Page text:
The Knights of Columbus is the world’s largest Catholic fraternal service organization. Founded by Father Michael J. McGivney in New Haven, Connecticut, in 1882, it was named in honor of the mariner Christopher Columbus. Originally serving as a mutual benefit society to low-income immigrant Catholics, it developed into a fraternal benefit society dedicated to providing charitable services, promoting Catholic education and actively defending Roman Catholicism in various nations.
There are more than 1.85 million members in nearly 15,000 councils, with nearly 200 councils on college campuses. Membership is limited to “practical” Catholic men aged 18 or older. Membership consists of four different degrees, each exemplifying a different principle of the Order. The Order is a member of the International Alliance of Catholic Knights.
Councils have been chartered in the United States (including some territories), Canada, the Philippines, Mexico, Poland, the Dominican Republic, Puerto Rico, Panama, the Bahamas, the Virgin Islands, Cuba, Guatemala, Guam, Saipan, South Korea, and on US military bases around the world. The Knights’ official junior organization, the Columbian Squires, has over 5,000 circles and the Order’s patriotic arm, the Fourth Degree, has more than 2,500 assemblies.
For their support for the Church and local communities, as well as for their philanthropic efforts, Pope John Paul II referred to the Order as a “strong right arm of the Church”. In 2013, the Order gave over $170.1 million directly to charity and performed over 70.5 million man-hours of voluntary service. Over 413,000 pints of blood were donated in 2010. The Order’s insurance program has more than $90 billion of life insurance policies in force, backed up by $19.8 billion in assets, holds the highest insurance ratings given by A. M. Best and the Insurance Marketplace Standards Association, and has been named a World’s Most Ethical Company. Within the United States on the national and state level, the Order is active in the political arena lobbying for laws and positions that uphold the Catholic Church’s positions on public policy and social issues.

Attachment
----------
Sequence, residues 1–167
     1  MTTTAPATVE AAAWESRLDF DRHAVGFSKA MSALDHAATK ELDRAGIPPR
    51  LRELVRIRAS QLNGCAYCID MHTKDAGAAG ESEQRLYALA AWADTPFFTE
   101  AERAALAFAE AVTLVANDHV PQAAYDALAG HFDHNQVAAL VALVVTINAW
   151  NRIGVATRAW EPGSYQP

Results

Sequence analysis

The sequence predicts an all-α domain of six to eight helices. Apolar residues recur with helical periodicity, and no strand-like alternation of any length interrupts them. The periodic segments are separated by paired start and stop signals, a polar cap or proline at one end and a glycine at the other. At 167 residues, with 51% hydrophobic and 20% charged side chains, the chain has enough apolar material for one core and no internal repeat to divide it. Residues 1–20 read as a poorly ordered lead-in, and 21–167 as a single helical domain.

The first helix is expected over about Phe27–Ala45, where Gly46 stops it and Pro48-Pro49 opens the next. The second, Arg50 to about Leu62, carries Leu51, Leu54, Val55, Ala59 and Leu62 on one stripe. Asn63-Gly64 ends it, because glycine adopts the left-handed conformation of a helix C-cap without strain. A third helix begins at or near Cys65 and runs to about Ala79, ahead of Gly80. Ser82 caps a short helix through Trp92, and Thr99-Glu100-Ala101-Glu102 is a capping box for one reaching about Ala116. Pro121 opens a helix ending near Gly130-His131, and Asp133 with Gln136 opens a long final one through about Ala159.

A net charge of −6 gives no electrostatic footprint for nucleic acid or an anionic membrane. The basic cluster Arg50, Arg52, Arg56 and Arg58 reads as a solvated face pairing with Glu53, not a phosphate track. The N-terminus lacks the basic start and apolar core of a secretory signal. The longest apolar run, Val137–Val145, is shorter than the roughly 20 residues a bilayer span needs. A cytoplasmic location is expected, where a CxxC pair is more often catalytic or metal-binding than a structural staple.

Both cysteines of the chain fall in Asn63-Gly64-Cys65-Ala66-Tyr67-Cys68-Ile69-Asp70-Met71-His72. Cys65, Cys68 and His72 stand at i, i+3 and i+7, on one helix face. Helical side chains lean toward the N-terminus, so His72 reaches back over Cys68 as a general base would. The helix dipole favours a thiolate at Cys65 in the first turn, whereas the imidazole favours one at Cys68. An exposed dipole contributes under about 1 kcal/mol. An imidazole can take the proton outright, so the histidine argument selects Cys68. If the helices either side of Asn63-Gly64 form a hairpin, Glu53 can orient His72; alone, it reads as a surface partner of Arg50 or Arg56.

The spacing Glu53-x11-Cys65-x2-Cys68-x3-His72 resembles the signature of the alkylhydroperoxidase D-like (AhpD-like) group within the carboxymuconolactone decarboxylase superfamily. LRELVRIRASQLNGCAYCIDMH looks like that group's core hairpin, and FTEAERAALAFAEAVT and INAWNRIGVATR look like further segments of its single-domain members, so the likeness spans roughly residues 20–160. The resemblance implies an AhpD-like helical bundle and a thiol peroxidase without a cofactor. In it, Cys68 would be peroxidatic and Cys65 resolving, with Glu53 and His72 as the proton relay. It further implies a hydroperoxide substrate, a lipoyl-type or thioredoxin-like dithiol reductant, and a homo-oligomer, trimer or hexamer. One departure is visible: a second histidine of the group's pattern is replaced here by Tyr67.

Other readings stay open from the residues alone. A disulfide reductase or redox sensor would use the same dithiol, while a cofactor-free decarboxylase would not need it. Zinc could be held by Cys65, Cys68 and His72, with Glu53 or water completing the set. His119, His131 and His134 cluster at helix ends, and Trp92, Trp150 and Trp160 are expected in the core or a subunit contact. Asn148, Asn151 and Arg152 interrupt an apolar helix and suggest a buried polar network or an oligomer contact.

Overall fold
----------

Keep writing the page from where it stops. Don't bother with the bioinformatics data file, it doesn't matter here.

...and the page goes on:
Degrees of Knighthood
The Order is dedicated to the principles of Charity, Unity, Fraternity, and Patriotism. A First Degree exemplification ceremony, by which a man joins the Order, explicates the virtue of charity. He is then said to be a First Degree Knight of Columbus; after participating in the subsequent degrees, each of which focuses on another virtue, he rises to that status. Upon reaching the Third Degree, a gentleman is a full member. Priests do not participate directly in Degree exemplifications as laymen do, but rather take the degree by observation.
Behind everything a Knight does is the vision of our founder, Venerable Michael McGivney, and the mission he left us as Catholic men united in faith. This holy and heroic parish priest founded the Order with a group of laymen in the basement of St. Mary’s Church in New Haven, CT, the city where the Order’s headquarters remains. Today, we ask for his intercession, pray for his canonization, and live out in our lives the principles he left us as Knights: